This unique piece of San Francisco history is a gorgeous gouache-painted rendition of the city before the Gold Rush. It is labeled ‘Yerba Buena’ by the anonymous artist and is oriented to the east, with Yerba Buena Island at center and the hills of the East Bay in the background beneath a blue sky.
There can be little doubt that this is an authentic 19th-century view, as all the elements, from the impressionistic style and seemingly effortless brush strokes to the canvas patina and compositional elements, support this interpretation. As explained below, we interpret this painting as an early 1870s romanticized retrospective of what San Francisco would have looked like circa 1847, before the massive influx of fortune-seekers who came as a result of the Gold Rush.
From Yerba Buena to San Francisco
The small port village of Yerba Buena officially changed its name to San Francisco on Jan. 30, 1847. The swap occurred in the midst of the Mexican-American War and at a time when nearby cities like Benicia were vying to become the principal port on San Francisco Bay. Taking the same name as the Bay itself assured the two would be forever linked.
We know from numerous sources, from newspapers to personal letters, that the old name did not linger for long. By the time the Gold Rush took off in 1849, the new name of San Francisco had entirely replaced the old Yerba Buena designation. Therefore, it is unlikely that the Yerba Buena title of this painting resulted from colloquial resilience. Instead, the artist was likely attempting to recreate an atmosphere that was not very distant in time but which the city’s massive development in the 1850s and 60s had wholly effaced.
An age of progress and nostalgia
The development of San Francisco from village to city happened with such speed that even by 19th-century standards, it quickly became an icon of modernity and progress. Everything in San Francisco exploded following the Gold Rush, from its demography to real estate prices, and the urban landscape expanded at a rate not seen anywhere else in the United States. Because of this impressive expansion, and perhaps further augmented by the Bay Area’s natural beauty, San Francisco became a magnet for artists seeking to capture the rapidity with which modernity was transforming America. The city was the icon of an age in which landscapes that had remained static for centuries were utterly transformed in the span of a generation. This painting is an artistic attempt at recording this development.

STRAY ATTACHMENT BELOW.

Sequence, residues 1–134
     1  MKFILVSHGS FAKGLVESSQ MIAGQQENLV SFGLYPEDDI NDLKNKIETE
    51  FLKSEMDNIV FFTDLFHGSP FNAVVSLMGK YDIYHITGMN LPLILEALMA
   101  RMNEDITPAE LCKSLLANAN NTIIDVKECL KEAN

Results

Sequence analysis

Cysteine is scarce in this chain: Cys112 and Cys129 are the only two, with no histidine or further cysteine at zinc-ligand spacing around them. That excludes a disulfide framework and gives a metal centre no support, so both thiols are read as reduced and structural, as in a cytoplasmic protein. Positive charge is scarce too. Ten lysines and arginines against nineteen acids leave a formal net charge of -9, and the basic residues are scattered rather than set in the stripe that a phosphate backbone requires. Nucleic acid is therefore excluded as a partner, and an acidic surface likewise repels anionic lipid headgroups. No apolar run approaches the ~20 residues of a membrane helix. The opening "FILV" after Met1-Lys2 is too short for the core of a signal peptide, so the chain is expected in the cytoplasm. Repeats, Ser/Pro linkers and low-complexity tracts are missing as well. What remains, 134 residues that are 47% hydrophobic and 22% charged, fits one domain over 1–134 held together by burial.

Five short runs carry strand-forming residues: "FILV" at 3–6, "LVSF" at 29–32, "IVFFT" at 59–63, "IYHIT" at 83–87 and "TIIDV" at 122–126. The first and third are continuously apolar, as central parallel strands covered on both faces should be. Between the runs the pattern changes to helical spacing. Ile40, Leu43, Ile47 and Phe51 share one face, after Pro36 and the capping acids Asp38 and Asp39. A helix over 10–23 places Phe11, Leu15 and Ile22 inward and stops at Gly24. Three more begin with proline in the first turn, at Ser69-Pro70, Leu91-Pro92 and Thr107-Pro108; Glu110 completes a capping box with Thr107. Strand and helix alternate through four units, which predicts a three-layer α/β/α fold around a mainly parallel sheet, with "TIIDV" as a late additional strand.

San Francisco is known for the 1906 earthquake, which devastated the city. But 1906 was hardly the first time large parts of San Francisco were destroyed. Between December 1849 and June 1851, the city endured at least seven severe conflagrations, of which the sixth was the most destructive. On the night of May 3rd, 1851, a fire blazed through town, incinerating about three-quarters of the city’s infrastructure in ten hours. We have a handful of visual records documenting what the city looked like before this catastrophe, including the famous ‘Sea of Masts’ daguerreotype, but these are not correlative to the landscape shown in our painting.
The key to understanding the composition is found in the configuration of the town itself, which constitutes an amalgamation of the contemporary with an envisioned past. It was possibly conceived in part from an early drawing, as was the case for C.P. Heininger’s lithograph portraying San Francisco in 1846-47, published in 1884. Heininger’s view was also a historical retrospective but was firmly anchored in a realistic drawing of the Yerba Buena settlement from that time. Nevertheless, our painting deviates significantly from Heininger’s more accurate account.
The appearance of the individual buildings suggests a more developed townscape, sporting elaborate facades, multiple stories, and tiled rather than timber roofs. The main open space is likely a representation of Portsmouth Square, its appearance showing the type of central plaza that dominated most Mexican/Californian villages in the early 19th century. While the individual structures are more representative of the architecture when the painting was executed, their combined setting harkens back to earlier times, before the population exploded. Similarly, while the types of ships in the bay align with an 1847 reality, the sheer number is not.
A clue for dating
In trying to date the creation of this extraordinary work, we turn to Yerba Buena Island, also known at various times as Goat or Wood Island. While the island in the bay was originally the site of an Ohlone fishing camp, by the mid-19th century, it was all but abandoned to goats. In our painting, however, it is evident that several quite large structures are present along the island’s southwestern coast.
These buildings appear to be the Army Post Camp Yerba Buena Island (a.k.a. Army Post Camp Decature, U.S. Engineer Depot Yerba Buena Island, or the US Quartermaster Depot). The base structures were erected in the early 1870s after the Union Army had voiced significant concerns about the possibility of raiding Confederate warships slipping past Fort Point and Alcatraz Island on a foggy night.
Construction of the buildings was nevertheless only started in the early 1870s and presumably only after March of 1871 when the Subcommittee on Private Land Claims rejected a claim of the island’s purchase by Thomas H. Dowling. The army base complex was crowned with the erection of an octagonal lighthouse in 1875, a landmark that still stands today at the end of Hillcrest Road. The painting does not show anything that might resemble this iconic and recognizable structure, suggesting that our artwork most likely was produced between the first buildings going up and the completion of the lighthouse (i.e., between 1871 and 1875).